a, Arts & Entertainment, Film and TV

Eastern premises serve Wes Anderson well in The Grand Budapest Hotel

The central characters in Wes Anderson’s films have always had a deep and inextricable connection to the places they love: Max Fischer had Rushmore; Royal Tenenbaum had the house on Archer Avenue; Steve Zissou had his ship, the Belafonte. Despite their usually roguish natures, these connections hint at some kind of deep sadness and longing beneath their charismatic façades. For them, these places are more than houses and boats and boarding schools—they represent something friendly and welcoming. They know that the world can be a cruel, cruel place and all they can really ask for from life is somewhere to call home—a sanctuary. For M. Gustave (Ralph Fiennes) of Anderson’s remarkable new film, the titular location of The Grand Budapest Hotel is just that.

Largely set in the fictional Eastern European country of Zubrowka, the film uses four distinct timelines, each filmed in a different aspect ratio and colour palate precisely layered together. The first takes place in present day, and features a young girl walking through a garden to reach the tomb of an accomplished writer. Next is a flashback, in which the the writer talks directly to the audience about a time in the past when he visited the hotel. The third follows him in the 1960s, a young man at the time, through the hotel—a fading relic of a once vibrant and glorious past. There, he meets owner Zero Moustafa (F. Murray Abraham), who tells him of the hotel’s history and the hyper-competent concierge, Gustave, who is its main attraction. The final and longest timeline picks up in 1932 and follows Gustave and Zero, now an inexperienced lobby boy, as Gustave inherits a priceless renaissance-era painting after an elderly socialite with whom he was sleeping is murdered under mysterious circumstances. What follows is a deft blend of genres—caper, murder mystery, prison break, and screwball comedy being the most recognizable.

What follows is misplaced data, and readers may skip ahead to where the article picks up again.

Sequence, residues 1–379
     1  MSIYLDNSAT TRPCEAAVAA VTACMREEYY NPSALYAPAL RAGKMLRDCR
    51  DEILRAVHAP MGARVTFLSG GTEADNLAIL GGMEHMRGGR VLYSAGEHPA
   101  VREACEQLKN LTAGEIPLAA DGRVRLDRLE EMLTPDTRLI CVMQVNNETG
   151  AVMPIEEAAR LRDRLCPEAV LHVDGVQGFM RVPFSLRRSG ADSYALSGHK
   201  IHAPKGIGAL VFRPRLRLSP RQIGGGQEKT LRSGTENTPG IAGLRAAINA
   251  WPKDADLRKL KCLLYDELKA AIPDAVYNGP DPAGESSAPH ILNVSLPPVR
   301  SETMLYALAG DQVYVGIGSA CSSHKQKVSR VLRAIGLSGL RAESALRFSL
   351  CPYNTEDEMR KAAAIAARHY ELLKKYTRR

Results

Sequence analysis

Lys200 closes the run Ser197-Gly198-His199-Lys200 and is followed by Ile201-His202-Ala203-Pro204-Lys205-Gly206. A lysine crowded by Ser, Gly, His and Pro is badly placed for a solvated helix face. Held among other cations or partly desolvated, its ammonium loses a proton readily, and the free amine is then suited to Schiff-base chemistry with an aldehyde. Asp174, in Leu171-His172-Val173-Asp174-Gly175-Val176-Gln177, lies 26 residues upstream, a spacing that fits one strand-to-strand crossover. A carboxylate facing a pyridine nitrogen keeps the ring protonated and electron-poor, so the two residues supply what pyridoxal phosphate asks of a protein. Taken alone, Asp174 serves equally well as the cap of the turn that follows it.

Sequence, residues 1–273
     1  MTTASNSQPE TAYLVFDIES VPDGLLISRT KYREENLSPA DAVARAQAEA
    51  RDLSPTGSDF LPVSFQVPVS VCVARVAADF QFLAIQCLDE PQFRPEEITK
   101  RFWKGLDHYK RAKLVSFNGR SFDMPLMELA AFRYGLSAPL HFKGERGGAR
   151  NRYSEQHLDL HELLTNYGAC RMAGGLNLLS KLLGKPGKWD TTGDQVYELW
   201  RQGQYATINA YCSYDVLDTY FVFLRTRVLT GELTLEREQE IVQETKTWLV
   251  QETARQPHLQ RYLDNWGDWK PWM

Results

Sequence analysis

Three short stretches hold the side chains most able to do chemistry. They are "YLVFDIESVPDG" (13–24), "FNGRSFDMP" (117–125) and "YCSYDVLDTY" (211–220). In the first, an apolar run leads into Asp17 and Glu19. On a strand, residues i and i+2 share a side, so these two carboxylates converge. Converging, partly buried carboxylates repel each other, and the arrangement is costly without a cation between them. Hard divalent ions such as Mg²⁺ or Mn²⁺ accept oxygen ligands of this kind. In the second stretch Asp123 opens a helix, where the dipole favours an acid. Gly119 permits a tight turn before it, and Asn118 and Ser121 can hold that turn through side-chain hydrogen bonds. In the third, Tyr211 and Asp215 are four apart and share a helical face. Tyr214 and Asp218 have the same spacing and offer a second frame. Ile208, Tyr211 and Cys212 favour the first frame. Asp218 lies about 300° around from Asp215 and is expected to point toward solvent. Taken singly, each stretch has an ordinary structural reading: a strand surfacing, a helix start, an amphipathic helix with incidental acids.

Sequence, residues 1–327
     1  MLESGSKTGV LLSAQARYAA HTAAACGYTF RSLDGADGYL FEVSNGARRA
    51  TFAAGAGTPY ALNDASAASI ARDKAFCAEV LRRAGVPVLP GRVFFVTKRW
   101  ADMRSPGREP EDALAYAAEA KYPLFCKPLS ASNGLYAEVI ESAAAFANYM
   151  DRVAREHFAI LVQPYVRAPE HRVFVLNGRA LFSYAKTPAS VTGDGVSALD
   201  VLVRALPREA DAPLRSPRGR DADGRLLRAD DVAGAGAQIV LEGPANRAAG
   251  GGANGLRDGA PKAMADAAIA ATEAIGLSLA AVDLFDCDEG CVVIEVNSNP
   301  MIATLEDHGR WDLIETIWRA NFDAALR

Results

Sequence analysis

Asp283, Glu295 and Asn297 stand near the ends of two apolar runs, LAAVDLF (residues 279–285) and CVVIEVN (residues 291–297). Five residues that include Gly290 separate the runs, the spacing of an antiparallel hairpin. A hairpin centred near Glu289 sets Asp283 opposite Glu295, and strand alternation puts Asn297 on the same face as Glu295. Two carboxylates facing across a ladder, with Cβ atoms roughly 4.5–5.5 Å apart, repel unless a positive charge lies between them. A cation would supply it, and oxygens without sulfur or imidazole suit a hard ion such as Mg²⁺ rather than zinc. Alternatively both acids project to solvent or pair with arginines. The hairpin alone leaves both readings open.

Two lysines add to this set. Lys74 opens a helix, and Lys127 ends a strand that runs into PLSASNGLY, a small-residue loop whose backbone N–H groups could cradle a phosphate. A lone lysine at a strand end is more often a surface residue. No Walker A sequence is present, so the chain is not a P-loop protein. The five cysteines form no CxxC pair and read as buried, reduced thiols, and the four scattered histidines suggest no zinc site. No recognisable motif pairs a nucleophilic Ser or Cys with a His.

At the centre of the story is M. Gustave, a typical Andersonian hero. He’s witty, gregarious, and empathetic. He is also, for lack of a better word, quirky: he recites romantic poetry to his employees, wears a liberal amount of perfume, and has a near god-like ability to anticipate the needs of his guests. What sets him apart from other Anderson characters, however, is his edge: he drinks, gets into fights, and relishes in the use of well-delivered profanity. In turn, this makes his sympathetic qualities stand out much more. He, above all else, understands that the unkindness of people comes from fear or institutional obligation rather than hatred. He is portrayed brilliantly by Fiennes, who attaches a human sadness to this incredibly touching role, while seeming to have the most fun of his career.

Filling out the rest of the cast is the usual cavalcade of Anderson actors—Bill Murray, Jason Schwartzman, and Owen Wilson all get minor roles—and seemingly every established character actor alive, including Willem Dafoe, Jeff Goldblum, Tilda Swinton—in spectacular old-age makeup—and Tom Wilkinson to name just a few. Deserving special attention is newcomer Tony Revolori as Zero. He brings a nervous energy to the film that works as a counterpoint to Gustave’s ever-composed nature.

The film also features some of Anderson’s most experimental camera-work. He moves the camera beyond his usual whip-pans and tracking shots to create some of the most dazzling, empathetic filmmaking I’ve seen in recent memory. One particular standout shot features Zero’s love interest, Agatha, looking directly at the camera with swirling lights around her head, representing the dizzying high of young love. He also uses his common techniques to great effect: every shot is beautifully and meticulously composed, and the script supplies a steady stream of locations for him to showcase his talent – a museum, a mansion, a prison, and especially, the hotel—all rendered in a high level of minute detail and shot in a distinct cinematographic style.

The Grand Budapest Hotel is a fun romp with a complex, emotional centre and is not to be missed.


The Grand Budapest Hotel is running at Cinema du Parc (3575 Parc) between 1-9 p.m. until April 3. Student tickets are $8.50.

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